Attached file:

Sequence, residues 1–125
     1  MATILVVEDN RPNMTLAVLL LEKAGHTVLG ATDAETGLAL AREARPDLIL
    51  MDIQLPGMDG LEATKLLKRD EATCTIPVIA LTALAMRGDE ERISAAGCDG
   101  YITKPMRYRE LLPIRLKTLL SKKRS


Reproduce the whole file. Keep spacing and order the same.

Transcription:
Sequence, residues 1–125
     1  MATILVVEDN RPNMTLAVLL LEKAGHTVLG ATDAETGLAL AREARPDLIL
    51  MDIQLPGMDG LEATKLLKRD EATCTIPVIA LTALAMRGDE ERISAAGCDG
   101  YITKPMRYRE LLPIRLKTLL SKKRS